Java trends: Scripting languages

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News: Java trends: Scripting languages

  1. Java trends: Scripting languages (16 messages)

    Chris Preimesberger looks at the increasing incidence of scripting languages in the Java realm and the pluses and minuses of using them. His pro's are: rapid development, ease of deployment, integration with existing technologies, easy to learn and use, dynamic code.

    Are more and more scripting technologies like Jython, BeanShell and Jess the future?

    There have always been people that say something like:

    - scripting languages are great. I don't want to mess with casting ... typing is evil, and I can get so much more done without it.

    - scripting languages are evil. They are all just hacks

    - There are different jobs that suit different solutions. There is a place for scripting languages, and a time not to use them.

    Are Java developers really using more scripting languages now than before? Is it a more important part of our toolbox? If so, which ones!

    "This scripting trend is being driven largely by rapid application development (RAD), a development style that is gaining disciples all the time. As marketing executives put the full-court press on IT shops to speed production, IT managers are forced to look at the most efficient ways to beat deadlines. RAD is a prime mover here."

    Read the complete story: Java trends: Scripting languages
  2. I also invite you to check out my JUG Austria talk slides in an all-in-one HTML version (no PowerPoint, thank you) entitled "Python and Jelly: Scripting Power for Java and XML: Do More With Less (Lines Of Code)".

    It's a fast-paced, example packed Python Scripting intro for Java Hackers (40+ slides).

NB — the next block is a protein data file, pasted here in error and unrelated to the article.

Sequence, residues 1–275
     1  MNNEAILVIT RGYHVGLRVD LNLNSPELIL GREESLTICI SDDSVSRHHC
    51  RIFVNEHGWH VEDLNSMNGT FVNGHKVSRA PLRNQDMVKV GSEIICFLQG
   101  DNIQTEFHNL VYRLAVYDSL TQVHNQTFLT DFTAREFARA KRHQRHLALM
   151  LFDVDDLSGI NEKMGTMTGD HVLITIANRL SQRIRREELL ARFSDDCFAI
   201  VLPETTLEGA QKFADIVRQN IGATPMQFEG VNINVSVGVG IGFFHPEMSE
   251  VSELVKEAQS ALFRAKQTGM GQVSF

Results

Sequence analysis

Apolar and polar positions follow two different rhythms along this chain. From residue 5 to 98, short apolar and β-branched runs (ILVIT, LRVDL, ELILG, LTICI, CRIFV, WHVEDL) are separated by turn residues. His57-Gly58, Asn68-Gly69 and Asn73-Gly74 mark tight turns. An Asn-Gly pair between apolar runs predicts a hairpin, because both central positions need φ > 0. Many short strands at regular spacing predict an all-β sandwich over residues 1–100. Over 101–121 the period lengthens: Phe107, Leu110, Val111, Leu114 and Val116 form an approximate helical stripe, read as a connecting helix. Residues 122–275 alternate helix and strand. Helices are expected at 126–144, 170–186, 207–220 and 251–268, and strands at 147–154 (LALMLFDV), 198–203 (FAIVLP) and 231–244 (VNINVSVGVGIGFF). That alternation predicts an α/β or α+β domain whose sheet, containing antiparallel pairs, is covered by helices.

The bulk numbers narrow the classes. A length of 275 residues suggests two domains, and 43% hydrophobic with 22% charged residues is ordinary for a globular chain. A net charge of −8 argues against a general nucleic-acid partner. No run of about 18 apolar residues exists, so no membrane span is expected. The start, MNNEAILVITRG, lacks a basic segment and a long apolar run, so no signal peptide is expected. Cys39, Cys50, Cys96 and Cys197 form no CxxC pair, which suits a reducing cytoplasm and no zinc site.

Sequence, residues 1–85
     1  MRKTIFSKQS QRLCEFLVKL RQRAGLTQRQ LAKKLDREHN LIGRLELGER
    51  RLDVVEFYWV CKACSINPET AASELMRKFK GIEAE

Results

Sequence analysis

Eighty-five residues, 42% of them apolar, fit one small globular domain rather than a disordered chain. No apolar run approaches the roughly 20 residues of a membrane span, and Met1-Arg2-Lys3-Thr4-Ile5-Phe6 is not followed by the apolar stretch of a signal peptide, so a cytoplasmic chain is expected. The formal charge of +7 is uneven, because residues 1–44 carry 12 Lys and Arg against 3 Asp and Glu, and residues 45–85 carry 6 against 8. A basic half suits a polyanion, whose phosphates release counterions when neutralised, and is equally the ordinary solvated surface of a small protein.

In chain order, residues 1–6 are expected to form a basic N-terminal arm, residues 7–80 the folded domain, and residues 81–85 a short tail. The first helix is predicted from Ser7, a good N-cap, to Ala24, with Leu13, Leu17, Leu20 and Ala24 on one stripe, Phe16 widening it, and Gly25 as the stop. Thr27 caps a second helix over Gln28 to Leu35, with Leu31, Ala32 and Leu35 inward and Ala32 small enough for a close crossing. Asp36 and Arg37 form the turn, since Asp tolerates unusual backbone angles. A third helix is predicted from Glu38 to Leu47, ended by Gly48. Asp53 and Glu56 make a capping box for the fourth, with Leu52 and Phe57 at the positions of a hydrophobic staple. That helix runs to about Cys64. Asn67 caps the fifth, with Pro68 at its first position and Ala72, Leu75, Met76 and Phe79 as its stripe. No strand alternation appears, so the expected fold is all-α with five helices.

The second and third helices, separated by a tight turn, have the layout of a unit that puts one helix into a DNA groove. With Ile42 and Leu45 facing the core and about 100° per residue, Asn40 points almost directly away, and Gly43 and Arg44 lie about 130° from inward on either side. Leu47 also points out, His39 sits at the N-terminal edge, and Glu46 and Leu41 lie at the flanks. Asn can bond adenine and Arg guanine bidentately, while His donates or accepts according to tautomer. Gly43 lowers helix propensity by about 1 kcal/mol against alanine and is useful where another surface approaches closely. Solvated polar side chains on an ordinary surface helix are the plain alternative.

Enjoy.
  3. It's a fast-paced, example packed Python Scripting intro for Java Hackers (40+ slides).

    Imagine a Java program where every method parameter is declared as Object. That's Python.
  4. Trend leaded by the market ![ Go to top ]

    When the business is going down, the main message is : do quick (and even dirty, just to make business and survive !).
    When the business was up - remember the 00's - , the message was "do best with UML, design patterns & layered applications", i.e. the opposite of the "scripting" trend.

    My opinion: scripting is just a fashion cause it allows to work quite quickly, i.e. without big investments from IT Departments. When big projects will coming out to the market, the "scripting" solutions would fail. Why ? Because re-use and maintenance of such "scripting-based" applications is too hard, and even unefficient or impossible !

    Yann
  5. Re: Trend leaded by the market ![ Go to top ]

    Whether the increase in usage of scripting languages in the world of Java is a result of lack of funding in the world of IT (and it very well may be) it is erroneous to assume that scripting languages are merely a "trend". On the contrary I believe that a mix of scripting and non-scripting languages will always provide the best result for both small and large applications.